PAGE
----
‘Rewilding’ later prehistory: Archaeological wildlife and its role in contemporary nature recovery
Climate change, biodiversity loss and the Anthropocene more broadly are of burgeoning interest to researchers across the social sciences, including in archaeology. David Attenborough’s recent ‘Wild Isles’ series both awakened us to the magical wildlife of the British Isles and warned us of its extreme fragility. Alarming statistics about climate change and diminishing species – from honeybees, to capercaillie, to elm trees – abound in wider media coverage, alongside more hopeful stories of human efforts to address these pressing global concerns. In this context, archaeologists are rightly revisiting their working relationships with ecologists and climate scientists in seeking to understand archaeology’s contemporary relevance.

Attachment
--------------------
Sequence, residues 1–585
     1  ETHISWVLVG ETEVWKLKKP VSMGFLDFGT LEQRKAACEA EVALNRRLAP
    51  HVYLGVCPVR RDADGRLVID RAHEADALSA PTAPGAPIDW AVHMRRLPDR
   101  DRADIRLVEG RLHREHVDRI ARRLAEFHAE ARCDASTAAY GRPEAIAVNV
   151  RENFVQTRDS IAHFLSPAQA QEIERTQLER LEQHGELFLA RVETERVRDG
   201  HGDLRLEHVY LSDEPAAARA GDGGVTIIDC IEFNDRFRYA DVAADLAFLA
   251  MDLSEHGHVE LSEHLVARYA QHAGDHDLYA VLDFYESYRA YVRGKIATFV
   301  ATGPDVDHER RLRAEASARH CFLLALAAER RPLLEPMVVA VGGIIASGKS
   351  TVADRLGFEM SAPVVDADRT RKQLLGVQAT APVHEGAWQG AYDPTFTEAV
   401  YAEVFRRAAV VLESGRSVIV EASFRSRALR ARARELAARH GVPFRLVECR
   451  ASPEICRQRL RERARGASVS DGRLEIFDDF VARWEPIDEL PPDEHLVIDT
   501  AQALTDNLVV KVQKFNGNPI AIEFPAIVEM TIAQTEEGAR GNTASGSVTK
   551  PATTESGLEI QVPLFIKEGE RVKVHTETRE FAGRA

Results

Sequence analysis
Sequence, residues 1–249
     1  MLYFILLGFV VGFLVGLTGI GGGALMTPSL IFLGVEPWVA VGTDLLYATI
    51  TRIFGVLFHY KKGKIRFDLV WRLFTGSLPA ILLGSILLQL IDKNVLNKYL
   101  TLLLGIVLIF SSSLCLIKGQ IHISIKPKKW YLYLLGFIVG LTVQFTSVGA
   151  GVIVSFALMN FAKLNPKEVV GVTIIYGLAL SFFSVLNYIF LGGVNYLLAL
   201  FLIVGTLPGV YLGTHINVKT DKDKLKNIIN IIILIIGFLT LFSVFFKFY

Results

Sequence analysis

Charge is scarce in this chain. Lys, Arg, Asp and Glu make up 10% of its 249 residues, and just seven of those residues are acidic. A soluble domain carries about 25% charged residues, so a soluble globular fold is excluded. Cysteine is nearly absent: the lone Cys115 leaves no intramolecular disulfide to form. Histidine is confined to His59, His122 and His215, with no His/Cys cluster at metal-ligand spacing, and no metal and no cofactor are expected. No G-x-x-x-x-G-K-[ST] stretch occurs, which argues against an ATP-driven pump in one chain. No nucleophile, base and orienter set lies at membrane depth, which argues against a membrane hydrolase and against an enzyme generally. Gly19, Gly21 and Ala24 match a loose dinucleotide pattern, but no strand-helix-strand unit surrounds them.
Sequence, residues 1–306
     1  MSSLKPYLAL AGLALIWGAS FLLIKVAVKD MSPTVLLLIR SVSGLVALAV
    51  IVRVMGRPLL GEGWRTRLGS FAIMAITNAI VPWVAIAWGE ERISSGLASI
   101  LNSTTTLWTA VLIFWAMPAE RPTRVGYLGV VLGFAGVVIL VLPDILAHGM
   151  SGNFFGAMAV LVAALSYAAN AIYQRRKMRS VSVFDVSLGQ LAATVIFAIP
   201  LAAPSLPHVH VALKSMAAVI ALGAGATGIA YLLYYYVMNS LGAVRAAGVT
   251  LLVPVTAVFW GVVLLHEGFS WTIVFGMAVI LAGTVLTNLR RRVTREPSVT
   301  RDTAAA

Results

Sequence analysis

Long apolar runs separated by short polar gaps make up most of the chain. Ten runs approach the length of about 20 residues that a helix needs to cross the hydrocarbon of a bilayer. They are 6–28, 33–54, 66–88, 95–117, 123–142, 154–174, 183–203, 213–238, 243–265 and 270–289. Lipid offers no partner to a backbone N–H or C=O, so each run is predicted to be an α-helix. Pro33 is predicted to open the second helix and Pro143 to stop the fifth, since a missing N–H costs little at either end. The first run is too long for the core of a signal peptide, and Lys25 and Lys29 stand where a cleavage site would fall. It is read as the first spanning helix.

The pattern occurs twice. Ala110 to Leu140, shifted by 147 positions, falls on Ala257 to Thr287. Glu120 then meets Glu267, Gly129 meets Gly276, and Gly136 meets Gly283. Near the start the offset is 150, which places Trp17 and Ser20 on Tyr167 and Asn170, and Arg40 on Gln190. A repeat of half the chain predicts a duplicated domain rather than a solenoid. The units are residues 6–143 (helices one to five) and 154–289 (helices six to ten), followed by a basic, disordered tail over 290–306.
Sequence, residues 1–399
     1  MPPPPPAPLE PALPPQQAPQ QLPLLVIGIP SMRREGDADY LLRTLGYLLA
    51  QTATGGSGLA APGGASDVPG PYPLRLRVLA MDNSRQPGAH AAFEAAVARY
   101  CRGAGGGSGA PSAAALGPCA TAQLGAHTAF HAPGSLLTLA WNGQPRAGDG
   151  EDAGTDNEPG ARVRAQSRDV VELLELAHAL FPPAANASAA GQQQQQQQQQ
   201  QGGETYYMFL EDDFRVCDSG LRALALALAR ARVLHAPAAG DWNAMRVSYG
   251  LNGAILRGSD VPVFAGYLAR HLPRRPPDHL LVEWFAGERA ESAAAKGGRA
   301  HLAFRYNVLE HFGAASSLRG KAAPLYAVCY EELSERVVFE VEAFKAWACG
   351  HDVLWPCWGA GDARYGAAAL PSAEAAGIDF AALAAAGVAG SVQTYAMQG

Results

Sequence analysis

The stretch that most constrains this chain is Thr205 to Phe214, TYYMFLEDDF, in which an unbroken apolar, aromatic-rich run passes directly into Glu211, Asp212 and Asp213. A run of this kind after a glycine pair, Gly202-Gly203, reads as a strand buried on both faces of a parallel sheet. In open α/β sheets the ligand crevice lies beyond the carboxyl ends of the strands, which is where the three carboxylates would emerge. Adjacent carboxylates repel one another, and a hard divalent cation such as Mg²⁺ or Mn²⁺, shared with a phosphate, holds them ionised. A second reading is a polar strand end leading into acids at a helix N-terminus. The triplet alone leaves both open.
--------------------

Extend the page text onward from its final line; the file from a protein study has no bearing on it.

This talk will present initial findings from the UKRI-funded ‘Rewilding’ later prehistory project – a collaboration between Oxford Archaeology, the Universities of Oxford, Exeter and York, Centre for Ancient Genomics, Toulouse, Historic England and Knepp Castle Estate. Through an holistic study of human-landscape relationships during the Bronze and Iron Ages in Britain that puts wildlife centre-stage, we hope to foreground the ‘wonder and enchantment’ (Monbiot 2013) of past wildlife and to create pathways for reconnecting with contemporary nature recovery practices. Together with its pragmatic role in supporting, nuancing, and contesting environmental claims and practices – for instance in verifying historical authenticity of taxa reintroduced into ‘rewilded’ landscapes – I will suggest that archaeology’s fundamental interest in time and ‘the past’, and in human relationships with landscape, offers us an opportunity to reflect on wider, equally important, philosophical concerns – how we define and measure ‘wildlife’, how ‘the past’ is wielded in restoration, recovery and conservation practices, and how stories of long term landscape change and of past human-wildlife entanglements can inspire current attempts to reconnect people with nature.